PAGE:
Monday, Oct 6, 2008
The Department of Defense plans to spend $100 millian USD a year, for the next three years in an effort to “engage and inspire” the local population to support the Iraqi government.
The DOD will pay private U.S. contractors in Iraq up to $300 million over the next three years to produce news stories, entertainment programs and public service advertisements for the Iraqi media. It is part of a program that the US military is categorizing as “information/psychological operations” that is to be conducted in Iraq far into the future, presumably even after combat troops are withdrawn. Uniformed communications specialists and contractors are now an integral part of U.S. military operations from Eastern Europe to Afghanistan and beyond.
The Pentagon’s effort is designed to close the gap in a propaganda market dominated by al-Qaeda, whose media operations include sophisticated Web sites and professionally produced videos and audio tapes featuring Osama bin Laden and his lieutenants. Defense Secretary Robert M. Gates often remarks:
“We’re being out-communicated by a guy in a cave,”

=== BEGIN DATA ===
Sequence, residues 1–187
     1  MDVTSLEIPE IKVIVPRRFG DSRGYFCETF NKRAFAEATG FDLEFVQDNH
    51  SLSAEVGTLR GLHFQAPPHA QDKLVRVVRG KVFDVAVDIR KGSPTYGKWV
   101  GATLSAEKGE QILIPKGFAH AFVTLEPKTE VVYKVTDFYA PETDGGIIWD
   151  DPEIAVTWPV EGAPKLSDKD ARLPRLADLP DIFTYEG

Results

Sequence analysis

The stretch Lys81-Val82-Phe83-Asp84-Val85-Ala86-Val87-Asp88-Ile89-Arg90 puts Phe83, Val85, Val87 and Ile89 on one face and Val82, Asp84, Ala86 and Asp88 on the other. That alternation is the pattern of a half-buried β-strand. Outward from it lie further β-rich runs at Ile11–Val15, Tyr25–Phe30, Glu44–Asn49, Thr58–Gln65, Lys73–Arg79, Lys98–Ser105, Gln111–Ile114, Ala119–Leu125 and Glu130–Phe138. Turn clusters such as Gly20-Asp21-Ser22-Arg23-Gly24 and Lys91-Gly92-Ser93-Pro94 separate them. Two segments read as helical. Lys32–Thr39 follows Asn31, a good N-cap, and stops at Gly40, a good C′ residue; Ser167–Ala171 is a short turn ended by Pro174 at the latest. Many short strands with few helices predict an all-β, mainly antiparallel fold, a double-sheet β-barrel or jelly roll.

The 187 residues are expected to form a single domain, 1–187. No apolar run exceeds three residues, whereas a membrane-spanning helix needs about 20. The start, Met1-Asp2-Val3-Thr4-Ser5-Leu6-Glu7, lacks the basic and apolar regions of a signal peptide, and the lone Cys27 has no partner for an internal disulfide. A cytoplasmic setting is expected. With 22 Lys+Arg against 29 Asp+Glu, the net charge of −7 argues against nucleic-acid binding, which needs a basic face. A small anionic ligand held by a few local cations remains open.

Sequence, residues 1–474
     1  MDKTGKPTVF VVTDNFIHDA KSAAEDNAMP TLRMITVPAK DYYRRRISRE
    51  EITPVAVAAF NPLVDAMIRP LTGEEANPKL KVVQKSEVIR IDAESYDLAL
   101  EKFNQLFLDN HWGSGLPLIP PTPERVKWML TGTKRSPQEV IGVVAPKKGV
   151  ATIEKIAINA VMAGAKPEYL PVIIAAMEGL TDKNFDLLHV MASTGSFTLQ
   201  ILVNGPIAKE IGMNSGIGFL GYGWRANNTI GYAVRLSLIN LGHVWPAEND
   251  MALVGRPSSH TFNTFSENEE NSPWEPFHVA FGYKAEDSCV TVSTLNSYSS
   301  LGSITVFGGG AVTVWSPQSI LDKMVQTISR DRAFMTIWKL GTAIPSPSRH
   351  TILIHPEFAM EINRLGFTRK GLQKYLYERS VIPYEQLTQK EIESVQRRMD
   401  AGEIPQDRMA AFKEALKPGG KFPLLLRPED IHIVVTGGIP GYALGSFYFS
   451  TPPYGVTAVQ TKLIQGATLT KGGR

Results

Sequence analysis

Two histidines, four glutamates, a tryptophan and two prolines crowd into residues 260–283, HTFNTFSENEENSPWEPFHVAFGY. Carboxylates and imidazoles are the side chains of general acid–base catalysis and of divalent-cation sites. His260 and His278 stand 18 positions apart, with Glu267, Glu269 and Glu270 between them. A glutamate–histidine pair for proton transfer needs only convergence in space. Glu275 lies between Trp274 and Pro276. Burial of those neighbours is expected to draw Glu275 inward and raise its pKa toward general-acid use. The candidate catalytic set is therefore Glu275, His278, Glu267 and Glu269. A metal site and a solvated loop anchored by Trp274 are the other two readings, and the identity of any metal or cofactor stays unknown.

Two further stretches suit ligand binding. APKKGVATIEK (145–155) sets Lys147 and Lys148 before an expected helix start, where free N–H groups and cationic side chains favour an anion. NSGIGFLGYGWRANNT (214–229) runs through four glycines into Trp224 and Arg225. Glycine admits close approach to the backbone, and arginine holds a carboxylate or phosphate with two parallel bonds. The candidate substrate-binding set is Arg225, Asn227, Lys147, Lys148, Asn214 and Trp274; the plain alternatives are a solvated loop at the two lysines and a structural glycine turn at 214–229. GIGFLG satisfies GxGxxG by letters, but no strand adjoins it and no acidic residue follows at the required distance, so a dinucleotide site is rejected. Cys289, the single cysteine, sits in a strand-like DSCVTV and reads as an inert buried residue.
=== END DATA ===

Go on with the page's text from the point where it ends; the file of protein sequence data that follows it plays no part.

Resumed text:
U.S. law, under the 1948 Smith-Mundt Act. prohibits the use of government money to direct propaganda at U.S. audiences. Lawmakers have often challenged the propriety of military information operations, even when they take place outside the United States. The Pentagon itself has frequently lamented the need to undertake duties beyond combat and peacekeeping. It was with these thoughts in mind that the US government began funding Alhurra, which translates into “The Free One”.
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Al-Hurra, what government sources generally refer to the channel as, began broadcasting on February 14, 2004 in 22 countries across the Middle East. The station was founded by Norman Joel Pattiz, who was at the time a member of the Broadcasting Board of Governors (BBG), which oversees the governmentâ€™s non-military international broadcasting services, including Voice of America, Radio Free Europe and Radio Free Asia. Other related American-funded projects include the Arabic-language Radio Sawa founded in 2002 and also funded by the BBG.
The Congress approved $62 million to pay for Alhurra’s first year and committed $40 million more to launch a sister station in April of 2004 aimed solely at Iraq. The U.S. government launched Alhurra after deciding that existing Arab news channels such as al-Jazeera and al-arabiya displayed anti-American bias. The aim was to promote a more positive U.S. image to Arabs. The $300 million over three years so far allocated for the new Pentagon program, pales in comparison to what has been spent on these projects so far.
This article was posted: Monday, October 6, 2008 at 12:01 pm